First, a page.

You Should Never Say These Seven Things in an Interview

John Krautzel
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When you're in the middle of a job search, you probably prepare carefully for every job interview. But did you know you can hurt your employment chances if you say the wrong thing? Here are seven things to avoid saying in your next job interview.

1. What You Say: "What does your company do?"

What the Interviewer Hears: "I'm too lazy to bother with research."

Maybe in a pre-Google era, it was fine to ask some version of this question in a job interview. Now you have no excuse. If you don't know what the company does, it's because you didn't bother to type a few words into a search box.

2. What You Say: Anything that sounds memorized.

What the Interviewer Hears: A robot.

Interviewers have heard all the rote answers before. They can recognize when someone has memorized something that sounds good but has no sense of authenticity behind it.

3. What You Say: "How much does the job pay?"

What the Interviewer Hears: "All I care about is money."

Of course, you care about what the job pays. The job interviewer knows you do. If you bring up the subject first, though, you're likely to make a bad impression. If the company is interested in you for the job, it'll bring up the subject. Be patient.

4. What You Say: "My last boss was a total jerk."

What the Interviewer Hears: "When I leave my position at this company, I will bad-mouth everyone I worked with at the company."

In a job interview, never say bad things about the people you used to work with, especially your former boss. Doing so pinpoints you as a complainer and as someone who's not trustworthy. You don't want that reputation.

5. What You Say: "No, I don't have any questions."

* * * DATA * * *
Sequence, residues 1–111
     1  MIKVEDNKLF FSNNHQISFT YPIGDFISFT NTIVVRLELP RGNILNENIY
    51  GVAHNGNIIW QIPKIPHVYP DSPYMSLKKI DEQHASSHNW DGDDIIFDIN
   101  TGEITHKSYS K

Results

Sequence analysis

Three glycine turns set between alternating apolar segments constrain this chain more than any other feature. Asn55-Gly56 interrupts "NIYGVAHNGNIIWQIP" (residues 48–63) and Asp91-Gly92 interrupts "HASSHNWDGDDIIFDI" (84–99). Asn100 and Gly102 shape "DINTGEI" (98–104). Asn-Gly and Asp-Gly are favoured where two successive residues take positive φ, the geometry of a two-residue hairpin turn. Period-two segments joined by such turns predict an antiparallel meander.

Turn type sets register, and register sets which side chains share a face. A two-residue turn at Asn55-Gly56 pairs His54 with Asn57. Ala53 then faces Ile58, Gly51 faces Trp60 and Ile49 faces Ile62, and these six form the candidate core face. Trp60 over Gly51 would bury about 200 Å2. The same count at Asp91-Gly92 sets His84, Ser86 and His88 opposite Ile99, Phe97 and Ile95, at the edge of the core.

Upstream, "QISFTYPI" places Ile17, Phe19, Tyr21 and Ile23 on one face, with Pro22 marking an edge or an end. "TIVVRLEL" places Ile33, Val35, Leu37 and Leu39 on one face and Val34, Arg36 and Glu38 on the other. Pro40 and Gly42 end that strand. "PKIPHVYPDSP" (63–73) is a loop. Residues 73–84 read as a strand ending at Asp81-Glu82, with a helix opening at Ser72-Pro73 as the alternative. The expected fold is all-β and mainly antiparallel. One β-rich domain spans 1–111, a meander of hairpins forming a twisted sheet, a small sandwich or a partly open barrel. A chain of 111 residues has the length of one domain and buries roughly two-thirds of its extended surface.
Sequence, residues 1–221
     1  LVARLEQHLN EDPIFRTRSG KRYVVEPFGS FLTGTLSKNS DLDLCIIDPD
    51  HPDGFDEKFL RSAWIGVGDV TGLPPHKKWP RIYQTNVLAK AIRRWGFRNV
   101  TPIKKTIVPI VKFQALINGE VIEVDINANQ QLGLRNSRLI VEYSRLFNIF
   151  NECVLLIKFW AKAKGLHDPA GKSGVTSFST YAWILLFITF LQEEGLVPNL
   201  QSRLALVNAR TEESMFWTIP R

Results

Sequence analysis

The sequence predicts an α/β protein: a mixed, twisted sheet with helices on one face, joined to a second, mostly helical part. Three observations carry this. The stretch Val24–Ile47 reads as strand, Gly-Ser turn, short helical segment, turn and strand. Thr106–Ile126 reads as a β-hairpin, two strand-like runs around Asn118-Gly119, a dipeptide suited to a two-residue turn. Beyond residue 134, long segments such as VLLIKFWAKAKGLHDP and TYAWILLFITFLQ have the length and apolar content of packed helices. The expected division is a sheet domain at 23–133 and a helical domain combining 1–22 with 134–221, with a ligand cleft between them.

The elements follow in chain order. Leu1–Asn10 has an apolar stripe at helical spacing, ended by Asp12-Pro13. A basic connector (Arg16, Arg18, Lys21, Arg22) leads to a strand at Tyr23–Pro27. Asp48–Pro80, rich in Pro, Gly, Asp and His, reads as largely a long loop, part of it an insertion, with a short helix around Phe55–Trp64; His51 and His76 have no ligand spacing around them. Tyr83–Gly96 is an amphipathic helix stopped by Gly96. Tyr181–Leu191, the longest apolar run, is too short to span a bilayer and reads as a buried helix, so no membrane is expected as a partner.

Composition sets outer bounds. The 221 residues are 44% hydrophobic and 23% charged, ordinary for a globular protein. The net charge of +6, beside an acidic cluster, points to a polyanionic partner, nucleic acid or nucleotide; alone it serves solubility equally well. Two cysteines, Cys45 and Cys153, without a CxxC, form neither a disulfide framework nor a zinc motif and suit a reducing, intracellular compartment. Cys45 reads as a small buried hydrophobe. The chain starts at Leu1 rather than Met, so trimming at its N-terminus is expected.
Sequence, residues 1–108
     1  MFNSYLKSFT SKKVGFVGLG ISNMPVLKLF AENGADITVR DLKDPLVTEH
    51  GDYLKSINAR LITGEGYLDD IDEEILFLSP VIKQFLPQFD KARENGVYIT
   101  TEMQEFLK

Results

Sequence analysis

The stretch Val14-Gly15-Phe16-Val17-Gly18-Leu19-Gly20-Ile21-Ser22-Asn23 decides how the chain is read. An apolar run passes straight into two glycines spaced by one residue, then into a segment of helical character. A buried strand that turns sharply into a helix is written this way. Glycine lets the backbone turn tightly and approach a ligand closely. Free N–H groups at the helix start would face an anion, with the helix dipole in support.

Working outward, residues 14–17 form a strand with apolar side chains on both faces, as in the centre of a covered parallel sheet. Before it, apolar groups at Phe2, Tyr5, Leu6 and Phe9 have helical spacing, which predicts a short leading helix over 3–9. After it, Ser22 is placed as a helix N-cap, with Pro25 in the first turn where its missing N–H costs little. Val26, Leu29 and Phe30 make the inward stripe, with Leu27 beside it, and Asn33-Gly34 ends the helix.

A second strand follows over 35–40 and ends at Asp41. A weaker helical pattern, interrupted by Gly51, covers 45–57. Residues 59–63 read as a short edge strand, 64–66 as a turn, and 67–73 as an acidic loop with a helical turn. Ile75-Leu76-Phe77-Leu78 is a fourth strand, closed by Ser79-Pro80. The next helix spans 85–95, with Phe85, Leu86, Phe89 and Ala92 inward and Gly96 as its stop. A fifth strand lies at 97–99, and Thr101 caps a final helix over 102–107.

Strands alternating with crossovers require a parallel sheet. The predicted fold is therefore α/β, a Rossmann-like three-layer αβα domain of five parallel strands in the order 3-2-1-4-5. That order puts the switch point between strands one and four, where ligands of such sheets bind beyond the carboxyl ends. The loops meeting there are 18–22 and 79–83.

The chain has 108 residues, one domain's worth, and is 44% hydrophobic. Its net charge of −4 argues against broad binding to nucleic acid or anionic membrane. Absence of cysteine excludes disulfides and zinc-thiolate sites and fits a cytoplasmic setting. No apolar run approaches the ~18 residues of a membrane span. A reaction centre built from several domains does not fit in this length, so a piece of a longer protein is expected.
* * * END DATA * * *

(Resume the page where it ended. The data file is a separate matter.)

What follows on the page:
What the Interviewer Hears: "I'm not really interested in this position."

A job interview should be a two-way street. It's a conversation, not an interrogation. You need to contribute to the conversation by coming prepared with several interested (and interesting) questions you can ask about the position and the company. The questions should show you've done your homework. You get bonus points if you come up with a question your interviewer has never heard before.

6. What You Say: "Five years from now, I'll be your boss."

What the Interviewer Hears: "I'm arrogant and will walk over anyone who gets in my way."

The standard job interview question "Where do you see yourself five years from now?" is a tricky one to answer. It's one thing to express a sense of ambition, but avoid giving a cocky answer that manages to insult the job interviewer.

7. What You Say: "Is it going to be an issue if...?"

What the Interviewer Hears: "I'm underprepared and unconfident."

Don't lie if a job interviewer asks you about specific skills you don't possess. But don't bring them up. Maybe the skills you're worried about don't even matter in this job.

When you're amply prepared for a job interview, your job search is likely to reap the rewards you desire. Take the time to focus not only on what you should say during your next interview but also on the things you should avoid saying to keep from sabotaging yourself.

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